# Hard wood vs soft wood k factor?

I’ve been mostly cutting on soft woods so far. I just bought some Walnut and Maple because I want to play around with inlays and it got me wondering about feeds & speeds. I am using my Feeds & Speeds UI where I can enter in the K Factor for a given material. Looking at the SFPF sheet that I based the UI on I noticed that NYCNC has both soft wood and hard wood with a K factor of 10. I also see some incomplete sheets where people were measuring K Factor which I’m not sure I completely understand. Meanwhile I also found a sheet that specifies the Janka hardness for different species of wood.

A couple questions:

• Is there a way to translate Janka hardness into K Factor?
• Is there a good ballpark for hard wood K Factor if I am using 10 for soft wood in my calculations so far?
• Presumably the K factor for hard wood and soft wood are not the same, in particular since I do recall Carbide Create has different feeds & speeds for hard wood and soft wood.

A quick google seems to show that K Factor is a thermal conductivity value, not a hardness value. There would be no translation, they could be completely independent.

https://www.hearth.com/articles/wood-k-values-what-does-it-all-mean/

1 Like

Unfortunately I think you are thinking of a different K factor… K as a constant I can imagine is pretty common choice of variable. Are you familiar with the NYCNC feeds & speeds calculator that I believe @Julien and @gmack repurposed for Shapeoko?

the “K” factor (or its inverse value the Unit Power) is a constant that depends on the material’s hardness, and corresponds to how many cubic inches per minute (or cubic millimeters per minute) of material can be removed using 1 horsepower.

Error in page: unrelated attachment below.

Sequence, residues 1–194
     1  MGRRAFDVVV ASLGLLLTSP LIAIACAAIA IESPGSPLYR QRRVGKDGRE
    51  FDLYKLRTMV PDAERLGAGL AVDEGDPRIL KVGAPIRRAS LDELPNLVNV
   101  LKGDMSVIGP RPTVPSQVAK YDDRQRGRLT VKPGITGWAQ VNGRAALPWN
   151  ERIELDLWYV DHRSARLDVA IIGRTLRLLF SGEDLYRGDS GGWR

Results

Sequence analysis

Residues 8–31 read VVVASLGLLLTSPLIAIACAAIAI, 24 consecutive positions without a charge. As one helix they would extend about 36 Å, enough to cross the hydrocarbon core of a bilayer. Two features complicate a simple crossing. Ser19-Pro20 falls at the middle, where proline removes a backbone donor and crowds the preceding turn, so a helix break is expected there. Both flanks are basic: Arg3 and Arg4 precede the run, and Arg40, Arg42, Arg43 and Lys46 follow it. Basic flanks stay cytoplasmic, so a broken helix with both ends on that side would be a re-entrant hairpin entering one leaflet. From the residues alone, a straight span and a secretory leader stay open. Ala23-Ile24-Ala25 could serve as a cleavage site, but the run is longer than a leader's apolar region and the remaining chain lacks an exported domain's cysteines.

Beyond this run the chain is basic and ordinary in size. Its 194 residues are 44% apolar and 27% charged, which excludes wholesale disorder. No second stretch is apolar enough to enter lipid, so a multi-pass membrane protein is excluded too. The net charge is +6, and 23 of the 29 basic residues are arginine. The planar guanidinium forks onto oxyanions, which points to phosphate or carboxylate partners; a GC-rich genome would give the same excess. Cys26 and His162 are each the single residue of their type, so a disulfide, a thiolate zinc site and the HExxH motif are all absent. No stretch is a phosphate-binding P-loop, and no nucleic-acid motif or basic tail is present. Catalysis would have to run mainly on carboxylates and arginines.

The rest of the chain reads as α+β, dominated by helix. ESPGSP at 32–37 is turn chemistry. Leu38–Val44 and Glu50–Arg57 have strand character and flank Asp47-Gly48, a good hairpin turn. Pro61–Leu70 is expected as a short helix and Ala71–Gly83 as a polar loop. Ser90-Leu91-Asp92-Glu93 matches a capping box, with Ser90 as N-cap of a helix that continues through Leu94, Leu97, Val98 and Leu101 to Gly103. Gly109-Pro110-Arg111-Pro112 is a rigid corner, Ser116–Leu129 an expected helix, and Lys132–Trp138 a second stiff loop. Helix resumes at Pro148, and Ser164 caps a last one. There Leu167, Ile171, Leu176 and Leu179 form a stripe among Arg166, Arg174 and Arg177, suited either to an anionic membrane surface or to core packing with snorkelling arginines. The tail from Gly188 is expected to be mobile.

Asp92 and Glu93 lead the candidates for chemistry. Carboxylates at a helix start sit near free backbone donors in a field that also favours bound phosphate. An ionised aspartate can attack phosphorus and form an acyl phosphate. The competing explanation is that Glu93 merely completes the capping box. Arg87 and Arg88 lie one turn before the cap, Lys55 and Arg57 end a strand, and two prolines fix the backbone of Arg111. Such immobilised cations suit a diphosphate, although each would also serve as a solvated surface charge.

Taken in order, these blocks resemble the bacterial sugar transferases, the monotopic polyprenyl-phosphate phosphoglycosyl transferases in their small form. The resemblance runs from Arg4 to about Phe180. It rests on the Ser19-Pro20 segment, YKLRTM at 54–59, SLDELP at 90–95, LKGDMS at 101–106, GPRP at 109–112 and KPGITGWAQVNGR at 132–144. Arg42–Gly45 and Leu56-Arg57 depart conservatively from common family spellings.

2 Likes

I don’t think so…you’d probably have to test each species.

The general consensus is to use a general chipload as your guide. Even though wood varies tremendously to a woodworker, you’ll rarely come across a wood as hard as aluminum. The hardness range for woods on the scale of material hardness is pretty narrow.
What hardwood species are you cutting?

2 Likes

Maple and walnut to start. Are you suggesting I just stick with the same feeds and speeds I would use for soft woods? Since after all, it’s not aluminum as you say…

For the C3D bits, they seem to run hardwoods at about 75% to 80% of the softwood feedrate. That was the case for the 201, the 102 and the 301 (1/4", 1/8", 90 deg V).

1 Like

I believe what you are looking for is “Janka Hardness” — see:

Right, so one of my questions was:

Is there a way to translate Janka hardness into K Factor?

The calculator explicitly expects a K Factor which typically is set at 10 for soft woods but figured for hard woods it should probably be higher since you should cut them slower?

Is the idea with hard wood to just target a lower chip load than soft wood?

Ok, I’m dumb. It actually talks about both in @Julien ebook. There’s a table where he recommends chiploads depending on cutter size and hard wood vs soft wood and then he also has this:

For example,

• 6061 T6 aluminium has a K of 3.34 cubic inches per minute
• it’s about 10 in³/min for hard woods and hard plastics
• and up to 30 in³/min for soft woods, MDF, …

So apparently the settings I’ve been using have been for hard wood already!

2 Likes

When it comes to CNC wood work, I’ve found the E and P factors as most important.
E is experience. Learn as you go, write it down if you must. Make a lot of small trinkets before taking on a large project.
P is patience. Don’t be overly intimidated by a projected 2 hour 45 minute machine time estimate. Use fresh bits and go slow on hardwoods.
Sure, I’m being a little cute here, but you can hurt yourself and never get anything done if you spend too much time searching for an answer rather than working toward a solution.

5 Likes

This topic was automatically closed 30 days after the last reply. New replies are no longer allowed.